Ancient Monuments

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Dykes and mounds on either side of Scandal Beck

A Scheduled Monument in Ravenstonedale, Eden

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Latitude: 54.4389 / 54°26'20"N

Longitude: -2.4309 / 2°25'51"W

OS Eastings: 372150.2652

OS Northings: 504920.9384

OS Grid: NY721049

Mapcode National: GBR CKG3.JJ

Mapcode Global: WH93L.MPND

Entry Name: Dykes and mounds on either side of Scandal Beck

Scheduled Date: 17 November 1964

Source: Historic England

Source ID: 1007231

English Heritage Legacy ID: CU 112

County: Eden

Civil Parish: Ravenstonedale

Traditional County: Westmorland

Lieutenancy Area (Ceremonial County): Cumbria

Church of England Parish: Ravenstonedale St Oswald

Church of England Diocese: Carlisle


Field System and pillow mounds within Ravenstonedale Park.

Source: Historic England


This record was the subject of a minor enhancement on 25 February 2016. This record has been generated from an "old county number" (OCN) scheduling record. These are monuments that were not reviewed under the Monuments Protection Programme and are some of our oldest designation records.

The monument includes the remains of a field system of Iron Age/Romano-British date and a series of pillow mounds of medieval date, situated within 13 separate areas of protection located on varied topography on either side of Scandal Beck. The field system includes a series of long earthen banks with a partial ditch which run on both sides of Scandal Beck and enclose an irregularly shaped area of approximately 40-45ha. The majority of the length of the banks is preserved as upstanding earthworks measuring about 1m to 1.5m in height and 5m in width with other parts being preserved as cropmarks. Excepting the area of the pillow mounds, the scheduling covers the area of the banks themselves, rather than the land that they enclose.

Lying within the heart of the enclosed area is a series of at least 12 pillow mounds located within three distinct groups. The majority of the pillow mounds are surrounded by a continuous ditch and are preserved as upstanding earthworks and at least two of the mounds are preserved as cropmarks. The pillow mounds have a length of 16m to 20m and a width of about 6m.

Source: Historic England

Reasons for Scheduling

Regular aggregate field systems date from the Bronze Age (2000-700 BC) to the end of the fifth century AD. They usually cover areas of up to 100ha and comprise a discrete block of fields orientated in roughly the same direction. Individual fields generally fall within the 0.1ha-3.2ha range and can be square, rectangular, long and narrow, triangular or polygonal in shape. The field boundaries can take various forms and follow straight or sinuous courses. The development of field systems is seen as a response to the competition for land which began during the later prehistoric period. The majority are thought to have been used mainly for crop production, although rotation may also have been practised in a mixed farming economy. Regular aggregate field systems occur widely and they represent a coherent economic unit often utilised for long periods of time and can thus provide important information about developments in agricultural practices in a particular location and broader patterns of social, cultural and environmental change over several centuries. Those which survive well and/or which can be positively linked to associated settlements are considered to merit protection.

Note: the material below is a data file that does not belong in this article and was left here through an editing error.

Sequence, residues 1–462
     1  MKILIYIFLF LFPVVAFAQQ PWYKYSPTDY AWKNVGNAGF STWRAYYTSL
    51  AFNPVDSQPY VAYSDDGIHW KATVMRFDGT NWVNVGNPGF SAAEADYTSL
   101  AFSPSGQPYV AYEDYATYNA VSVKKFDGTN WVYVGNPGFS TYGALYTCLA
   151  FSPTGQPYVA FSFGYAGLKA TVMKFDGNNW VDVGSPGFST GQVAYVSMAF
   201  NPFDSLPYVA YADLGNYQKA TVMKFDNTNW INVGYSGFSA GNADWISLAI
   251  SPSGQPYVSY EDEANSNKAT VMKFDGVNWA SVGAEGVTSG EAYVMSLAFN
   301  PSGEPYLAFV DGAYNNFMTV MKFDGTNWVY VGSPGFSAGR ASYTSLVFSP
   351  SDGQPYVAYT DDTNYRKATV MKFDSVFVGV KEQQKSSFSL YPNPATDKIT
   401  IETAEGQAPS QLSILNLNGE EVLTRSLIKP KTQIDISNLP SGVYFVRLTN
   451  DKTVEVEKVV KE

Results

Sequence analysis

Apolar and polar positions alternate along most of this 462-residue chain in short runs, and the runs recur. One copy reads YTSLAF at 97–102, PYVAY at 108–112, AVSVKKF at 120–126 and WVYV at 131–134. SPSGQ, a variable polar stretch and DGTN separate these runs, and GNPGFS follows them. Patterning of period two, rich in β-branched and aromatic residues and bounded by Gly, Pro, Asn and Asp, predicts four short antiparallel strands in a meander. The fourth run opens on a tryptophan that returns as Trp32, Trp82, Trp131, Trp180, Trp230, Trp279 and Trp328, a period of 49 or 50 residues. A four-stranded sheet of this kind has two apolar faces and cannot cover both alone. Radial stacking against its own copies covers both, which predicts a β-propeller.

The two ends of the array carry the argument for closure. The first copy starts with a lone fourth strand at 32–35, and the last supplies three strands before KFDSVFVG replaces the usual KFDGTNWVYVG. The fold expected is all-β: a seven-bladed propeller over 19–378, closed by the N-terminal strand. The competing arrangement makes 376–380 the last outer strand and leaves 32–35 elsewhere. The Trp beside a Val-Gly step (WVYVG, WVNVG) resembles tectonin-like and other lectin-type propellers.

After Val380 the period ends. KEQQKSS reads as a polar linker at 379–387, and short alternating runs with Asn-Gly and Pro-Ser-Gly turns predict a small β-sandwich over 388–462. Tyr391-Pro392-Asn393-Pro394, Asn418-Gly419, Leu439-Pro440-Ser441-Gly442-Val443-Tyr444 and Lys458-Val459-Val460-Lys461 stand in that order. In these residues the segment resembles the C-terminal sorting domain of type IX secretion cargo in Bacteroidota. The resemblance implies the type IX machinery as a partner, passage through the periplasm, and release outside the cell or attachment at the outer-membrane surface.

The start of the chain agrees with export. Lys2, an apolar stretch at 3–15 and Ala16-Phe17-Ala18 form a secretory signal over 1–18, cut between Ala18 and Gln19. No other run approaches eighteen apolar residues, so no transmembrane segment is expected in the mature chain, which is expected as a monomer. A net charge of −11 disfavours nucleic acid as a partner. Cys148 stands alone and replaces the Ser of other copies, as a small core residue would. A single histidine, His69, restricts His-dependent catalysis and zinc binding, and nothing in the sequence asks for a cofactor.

A warren is an area of land set aside for the breeding and management of rabbits or hares in order to provide a constant supply of fresh meat and skins. Although the hare is an indigenous species, the tradition of warren construction and use dates from the 12th century, following the introduction of rabbits into England from the continent. Warrens usually contain a number of purpose-built breeding places known as pillow mounds, which were intended to centralise the colony and make catching the animals easier. The mounds vary in design although rarely exceeding 0.7m in height. Although relatively common, warrens are important for their associations with other classes of monument, including various forms of settlement, deer parks, field systems and fishponds and may also provide evidence of the economy of both secular and ecclesiastical estates. All well preserved medieval examples are considered worthy of protection. A sample of well-preserved sites of later date will also merit protection.

The field system and pillow mounds within Ravenstonedale Park are reasonably well-preserved with the majority of the remains preserved as earthworks. The monument lies within Ravenstonedale Park, a 16th century deer park. Taken together the remains provide insight into the changing character of land use from the Iron Age to the post-medieval period with a number of key themes such as subsistence and land enclosure being of clear importance throughout.

Source: Historic England


PastScape Monument No:- 14707 (field system), 14710 (pillow mounds)

Source: Historic England

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